25th General Chapter symbol

International Solidarity Reflection

Social Justice and Liberation

February 2024

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Introduction

Human rights, opportunities, dignity, defense of life, education, sustainability, solidarity, and cooperation are closely linked to the search for social justice and liberation. In the Old Testament, justice is seen as “God’s faithfulness, doing what is right and just.” (cf. Deut. 32:4) According to the Church’s Social Teaching, the realization of justice aims to promote the total and integral liberation of the human person in its earthly and transcendent dimensions, contributing to the building of the Kingdom of God.

Call to Prayer

O God, open my eyes so that I can see the causes of injustice and oppression;
Open my ears so that I can listen to the cries of the earth and the poor;
Open my heart so that I can live with mercy;
Open my hands so that I can act guided by justice and peace. Amen

Experience

Our daily experience at the Mother Teresa of Jesus Socio-Cultural Association goes against the grain of the dehumanizing and exclusionary system that prevails in many parts of the world. We receive children and teenagers from families living in social and personal risk situations. For us, it has been a challenge and an opportunity to promote social justice and liberation by getting to know the life story of each child and adolescent and acting with a focus on socio-cultural, personal, community, and family issues. The exchange of knowledge, learning to live together, exercising citizenship, and revealing and developing each child’s and adolescent’s gifts and abilities occurs through computer activities, dance, arts, conversation circles, music, and theatre. The culmination is the round table discussions where they share their lives, fears, dreams, and conflict situations experienced in the family, at school, and on the street. They are heard and given guidance and training to build resilience and overcome the difficulties experienced in the fragile family and social context in which they live.

With the pandemic, internal conflicts, disorders, anxieties, agitation, lack of concentration, and violence have increased even more. The growing challenges require us to keep the focus on humanizing actions, prioritizing welcome, respect, understanding of individualities and limits, and always seeking to affirm the potential that contributes to building a fairer and more equitable society. We seek to provide an environment that generates profound change experiences, re-signifying and valuing life and growth in healthy human relationships. A place where children and teenagers can be themselves, create, play, and dream every day about changing their lives and winning their rights. It has become a support and a place that generates dreams and helps them to see and believe that another world is possible – fair, humane, and without oppression.

Our educational activities are based on “the conviction that the world can be changed through the transformation of people” (You Are Sent, Constitution 22).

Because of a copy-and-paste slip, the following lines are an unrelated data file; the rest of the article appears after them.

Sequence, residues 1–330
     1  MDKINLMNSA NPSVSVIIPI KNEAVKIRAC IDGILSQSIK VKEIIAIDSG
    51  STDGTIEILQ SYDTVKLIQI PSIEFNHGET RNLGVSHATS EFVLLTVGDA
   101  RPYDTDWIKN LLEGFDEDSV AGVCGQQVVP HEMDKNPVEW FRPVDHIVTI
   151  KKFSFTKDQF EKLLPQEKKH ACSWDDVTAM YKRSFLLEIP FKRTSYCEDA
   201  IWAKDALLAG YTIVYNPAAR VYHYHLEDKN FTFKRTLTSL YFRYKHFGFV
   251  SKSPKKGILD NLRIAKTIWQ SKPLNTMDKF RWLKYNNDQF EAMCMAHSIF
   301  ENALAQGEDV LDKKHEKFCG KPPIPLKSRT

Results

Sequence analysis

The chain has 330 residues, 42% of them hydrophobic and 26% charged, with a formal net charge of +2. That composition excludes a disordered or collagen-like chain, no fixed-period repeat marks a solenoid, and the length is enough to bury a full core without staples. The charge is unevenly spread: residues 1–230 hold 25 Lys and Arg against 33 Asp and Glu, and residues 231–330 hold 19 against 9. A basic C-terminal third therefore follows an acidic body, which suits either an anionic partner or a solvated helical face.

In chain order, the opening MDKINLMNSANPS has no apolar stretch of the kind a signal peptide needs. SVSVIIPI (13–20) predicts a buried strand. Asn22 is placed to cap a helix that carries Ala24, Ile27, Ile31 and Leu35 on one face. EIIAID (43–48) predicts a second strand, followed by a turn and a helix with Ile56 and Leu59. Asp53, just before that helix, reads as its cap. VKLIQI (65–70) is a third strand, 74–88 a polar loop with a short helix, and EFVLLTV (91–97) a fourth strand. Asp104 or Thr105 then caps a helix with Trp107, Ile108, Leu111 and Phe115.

Reflection

What situations of social injustice and oppression prevent us from having a more just and humane world? What are their root causes? What paths do the Call and Acts of the 25th General Chapter invite us to take to promote systemic change? What experiences/testimonies inspire me to pray and act for social justice and liberation in the area where I work and in the world?

In the Encyclical, Fratelli Tutti, Pope Francis points out ways of acting to eliminate the causes of injustice and promote social justice and liberation: essentially, these ways are living fraternity and social friendship. We highlight some points for reflection and response to create a more just, human, and liberated world.

  1. We are called to rethink our lifestyles, our relationships, the organization of our societies and, above all, the meaning of our existence. (FT 33) Hope is capable of looking beyond convenience and opening us up to grand ideals. (FT 55)
  2. Hospitality is a concrete form of openness and encounter. (FT 90) The spiritual stature of a person’s life is measured by love, the criterion for the definitive decision on the worth of a human life. The greatest danger is failing to love. (FT 92)
  3. Living social friendship means realizing fraternity between peoples, promoting encounters, solidarity. (FT 148). We can’t close the doors; there must always be possibilities for entry.
  4. The best policy is “social love” to which everyone is called; human dignity is emphasized as an ideal, considered a political, social, and cultural project. (FT 183).
  5. We need to heal wounds and restore peace. We need audacity and truth. (FT 225) Building social peace in a country is never finished; it is everyone’s task and commitment. (FT 232).

Action

Justice and liberation were at the center of Jesus’ life and mission. Guided by the look, feel, thought and action of Jesus Christ:

  1. Name up to 3 social injustice and oppression situations and identify their causes and choose ways to address them.
  2. Listen, reflect, pray, and choose to carry out a concrete action that, in the light of Laudato Si’, will bring about social justice and liberation in your local area, thus contributing to the advancement of systemic change.

Closing Prayer

God of love, hope, justice, and peace, continue inspiring and encouraging us to advance systemic change, to address and respond to the needs of our times in ways “founded on truth, built up on justice, nurtured and animated by charity, and brought into effect under the auspices of freedom.” (Pacem in Terris 167)

 

Prepared by Sister Leticia Antonello, Province of Latin America and the Caribbean for the International Shalom Network
Graphic taken from 25th General Chapter design by Joyelle Proot, SSND CP